Merkel's main rival Schulz is a newcomer to German politics. As the strong-willed former president of the European Parliament, he pushed forward reforms to strengthen its functions and powers and they were widely recognized. But where German politics is concerned, he is inexperienced and less charismatic compared to Merkel. Moreover, the lack of convincing policies in his campaign program has also contributed to his limited support rate. Indeed, SDP supporters have declined in number as many of their political ideas for workers' benefit have been absorbed by Merkel's administration.
To gain more support from the working class, Schulz is focusing on the ills of inequality in Germany with promises to expand the social welfare system. However, it is against the global trend of welfare reform and many Germans disagree with him. Therefore, the one-time apparent neck-and-neck status of Schultz and Merkel was just a flash in the pan. Presently, the SDP is lagging behind Merkel and the situation is hard to reverse.
If there is a change in administration, it will undoubtedly exert great influence on the future of the EU. What about the effects on Sino-German relations?
A basic assessment is that the comprehensive strategic partnership of China and Germany will not waver, no matter who is elected, though Merkel's reelection could better maintain the stability of Sino-German ties, considering her 10 visits to China, as well as her understanding of China and good personal relations with Chinese leaders.
The cooperation between China and Germany has been bearing more fruit since their ties were upgraded to a comprehensive strategic relationship in 2014. In trade and economy, China is the biggest trade partner of Germany. Exports to China were over 170 billion euros ($203 billion) in 2016, accounting for 14 percent of Germany's total export volumes. As an export-oriented economy, the huge Chinese market is vital to Germany.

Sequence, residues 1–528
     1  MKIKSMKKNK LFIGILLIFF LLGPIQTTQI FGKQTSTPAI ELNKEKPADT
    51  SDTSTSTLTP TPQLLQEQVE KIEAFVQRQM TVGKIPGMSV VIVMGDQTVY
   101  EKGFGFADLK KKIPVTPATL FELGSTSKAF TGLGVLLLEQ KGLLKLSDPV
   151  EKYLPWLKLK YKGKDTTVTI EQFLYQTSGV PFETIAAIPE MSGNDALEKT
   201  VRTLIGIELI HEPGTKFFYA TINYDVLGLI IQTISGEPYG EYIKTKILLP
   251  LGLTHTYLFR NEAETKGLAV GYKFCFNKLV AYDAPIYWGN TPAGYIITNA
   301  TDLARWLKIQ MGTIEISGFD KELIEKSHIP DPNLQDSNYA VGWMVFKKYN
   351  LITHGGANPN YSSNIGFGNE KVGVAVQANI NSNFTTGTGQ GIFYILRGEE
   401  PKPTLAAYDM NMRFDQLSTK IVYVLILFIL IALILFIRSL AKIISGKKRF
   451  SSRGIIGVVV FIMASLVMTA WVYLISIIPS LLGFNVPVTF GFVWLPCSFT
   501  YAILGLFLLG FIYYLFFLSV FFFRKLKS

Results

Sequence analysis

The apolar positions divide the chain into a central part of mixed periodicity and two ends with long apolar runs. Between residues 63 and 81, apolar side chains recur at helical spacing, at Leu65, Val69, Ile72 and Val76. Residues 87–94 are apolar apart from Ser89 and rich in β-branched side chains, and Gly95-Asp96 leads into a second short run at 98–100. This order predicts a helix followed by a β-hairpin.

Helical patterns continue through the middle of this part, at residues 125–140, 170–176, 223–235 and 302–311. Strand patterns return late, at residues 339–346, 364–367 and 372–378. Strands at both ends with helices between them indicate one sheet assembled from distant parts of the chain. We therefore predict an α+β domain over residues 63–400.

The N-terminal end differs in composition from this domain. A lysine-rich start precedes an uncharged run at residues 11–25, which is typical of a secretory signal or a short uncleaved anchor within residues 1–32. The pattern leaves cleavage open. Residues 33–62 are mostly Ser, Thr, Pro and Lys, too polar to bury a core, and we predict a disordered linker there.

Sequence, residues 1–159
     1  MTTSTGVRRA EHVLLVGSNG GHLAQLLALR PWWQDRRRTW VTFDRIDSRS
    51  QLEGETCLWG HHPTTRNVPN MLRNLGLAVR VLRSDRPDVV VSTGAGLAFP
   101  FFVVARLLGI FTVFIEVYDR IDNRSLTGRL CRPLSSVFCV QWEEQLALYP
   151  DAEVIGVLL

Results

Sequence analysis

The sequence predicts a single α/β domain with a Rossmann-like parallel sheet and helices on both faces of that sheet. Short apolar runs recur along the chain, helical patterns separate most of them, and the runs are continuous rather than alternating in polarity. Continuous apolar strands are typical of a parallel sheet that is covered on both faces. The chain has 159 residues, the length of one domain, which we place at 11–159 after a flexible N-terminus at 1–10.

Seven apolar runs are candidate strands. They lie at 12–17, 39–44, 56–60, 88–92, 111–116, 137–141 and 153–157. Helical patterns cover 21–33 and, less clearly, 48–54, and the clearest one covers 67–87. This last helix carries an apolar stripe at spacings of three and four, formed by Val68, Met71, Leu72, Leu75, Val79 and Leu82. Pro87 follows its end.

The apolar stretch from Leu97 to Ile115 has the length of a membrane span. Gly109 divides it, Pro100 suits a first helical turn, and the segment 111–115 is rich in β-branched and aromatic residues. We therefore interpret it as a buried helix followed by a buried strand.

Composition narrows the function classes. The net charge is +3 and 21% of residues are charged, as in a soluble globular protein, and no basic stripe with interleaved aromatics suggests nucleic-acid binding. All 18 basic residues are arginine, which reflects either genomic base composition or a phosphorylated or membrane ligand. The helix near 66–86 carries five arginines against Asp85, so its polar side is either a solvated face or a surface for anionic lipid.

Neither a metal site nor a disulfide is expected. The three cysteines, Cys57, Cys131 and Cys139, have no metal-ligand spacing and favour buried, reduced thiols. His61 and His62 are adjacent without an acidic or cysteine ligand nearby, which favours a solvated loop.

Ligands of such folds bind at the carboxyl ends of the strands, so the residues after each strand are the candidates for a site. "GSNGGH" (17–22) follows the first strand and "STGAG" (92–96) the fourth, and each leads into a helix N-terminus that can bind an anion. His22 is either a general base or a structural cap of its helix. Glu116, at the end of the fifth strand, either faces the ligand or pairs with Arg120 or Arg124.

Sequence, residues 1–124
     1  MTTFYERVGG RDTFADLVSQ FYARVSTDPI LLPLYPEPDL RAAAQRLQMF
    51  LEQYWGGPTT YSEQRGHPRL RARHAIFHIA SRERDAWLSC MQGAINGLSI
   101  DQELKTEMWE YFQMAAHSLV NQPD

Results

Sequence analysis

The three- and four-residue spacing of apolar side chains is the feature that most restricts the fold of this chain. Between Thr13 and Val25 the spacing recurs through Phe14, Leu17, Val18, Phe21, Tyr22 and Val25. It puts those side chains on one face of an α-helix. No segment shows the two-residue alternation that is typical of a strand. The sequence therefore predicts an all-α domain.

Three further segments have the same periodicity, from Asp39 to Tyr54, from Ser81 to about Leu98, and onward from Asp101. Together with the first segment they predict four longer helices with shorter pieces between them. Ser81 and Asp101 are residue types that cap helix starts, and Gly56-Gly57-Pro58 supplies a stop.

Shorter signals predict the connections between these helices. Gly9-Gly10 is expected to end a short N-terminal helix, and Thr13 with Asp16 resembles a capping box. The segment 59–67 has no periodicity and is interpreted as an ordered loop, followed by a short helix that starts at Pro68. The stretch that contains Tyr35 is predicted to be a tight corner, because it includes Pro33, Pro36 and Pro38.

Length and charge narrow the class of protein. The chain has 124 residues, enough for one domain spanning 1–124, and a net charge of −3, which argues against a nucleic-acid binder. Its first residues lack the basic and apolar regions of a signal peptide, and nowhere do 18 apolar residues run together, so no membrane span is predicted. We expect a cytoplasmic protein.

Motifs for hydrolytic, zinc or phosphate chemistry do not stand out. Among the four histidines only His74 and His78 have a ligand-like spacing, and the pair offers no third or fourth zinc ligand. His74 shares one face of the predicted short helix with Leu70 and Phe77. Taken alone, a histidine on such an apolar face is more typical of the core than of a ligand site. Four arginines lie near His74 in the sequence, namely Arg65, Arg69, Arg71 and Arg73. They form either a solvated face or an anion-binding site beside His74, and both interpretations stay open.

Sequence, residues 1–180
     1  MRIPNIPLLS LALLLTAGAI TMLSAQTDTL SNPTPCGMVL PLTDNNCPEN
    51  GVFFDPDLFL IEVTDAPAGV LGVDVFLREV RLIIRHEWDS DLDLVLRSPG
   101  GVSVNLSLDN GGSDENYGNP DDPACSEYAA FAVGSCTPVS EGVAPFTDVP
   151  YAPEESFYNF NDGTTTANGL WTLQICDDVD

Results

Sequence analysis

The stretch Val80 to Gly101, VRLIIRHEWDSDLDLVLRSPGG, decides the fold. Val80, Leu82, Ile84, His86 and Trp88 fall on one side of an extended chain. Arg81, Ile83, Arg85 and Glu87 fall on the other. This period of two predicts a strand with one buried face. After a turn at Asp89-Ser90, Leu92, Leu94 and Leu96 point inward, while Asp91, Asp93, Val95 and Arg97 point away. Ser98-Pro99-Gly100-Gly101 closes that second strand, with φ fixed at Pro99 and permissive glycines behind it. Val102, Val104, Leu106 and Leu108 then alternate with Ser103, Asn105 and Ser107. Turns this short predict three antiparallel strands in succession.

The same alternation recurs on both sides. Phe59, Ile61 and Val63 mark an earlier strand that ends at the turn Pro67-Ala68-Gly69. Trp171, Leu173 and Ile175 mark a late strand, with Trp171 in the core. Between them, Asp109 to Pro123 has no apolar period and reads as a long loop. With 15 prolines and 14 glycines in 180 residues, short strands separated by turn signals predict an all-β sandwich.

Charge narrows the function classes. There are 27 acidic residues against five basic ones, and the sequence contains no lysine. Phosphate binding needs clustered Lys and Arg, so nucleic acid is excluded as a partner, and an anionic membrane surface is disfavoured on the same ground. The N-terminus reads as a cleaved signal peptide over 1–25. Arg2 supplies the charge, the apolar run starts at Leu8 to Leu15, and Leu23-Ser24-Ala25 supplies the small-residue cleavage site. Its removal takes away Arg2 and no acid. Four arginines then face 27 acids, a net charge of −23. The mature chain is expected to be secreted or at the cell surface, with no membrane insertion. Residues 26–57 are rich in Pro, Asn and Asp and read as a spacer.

China can also provide support to Germany in the global governance spectrum. Germany can better shoulder its global responsibility, meditate in crises and combat terrorism by cooperating with emerging economies like China. Also, the torch of Western leadership is considered to have been passed to Germany in the wake of Trump's "America first" strategy. This requires Germany to make progress in dealing with climate change, Middle East conflicts and safeguarding globalization. China is actively engaged in global affairs and can offer support. For example, the third-party market cooperation in Afghanistan and African countries initiated by China and Germany is an effort to resolve conflicts at the root.
But although Merkel holds a pragmatic and friendly policy toward China, some problems still exist, restricting the full development of bilateral ties. There is spreading skepticism about the China proposed Belt and Road Initiative in Germany because of lack of trust. Germans have misunderstood this economic and infrastructure-building initiative as a tool for geopolitical competition which would harm German interests.
Secondly, as China's competitiveness increases, trade protectionism is rising in Germany to maintain its advantages. There are anti-dumping charges against Chinese products, strict limits on Chinese investment, and restriction of hi-tech innovation and cooperation.
Thirdly, Germany holds a bias against China on human rights issues, which could become a key obstacle to promoting bilateral ties. In the complex international context, the strategic partnership between China and Germany is likely to be strengthened if Merkel is in office for a fourth term.
In the complex international context, the strategic partnership between China and Germany is likely to be strengthened if Merkel is in office for a fourth term.
The author is a researcher with China Institutes of Contemporary International Relations
Copyedited by Sudeshna Sarkar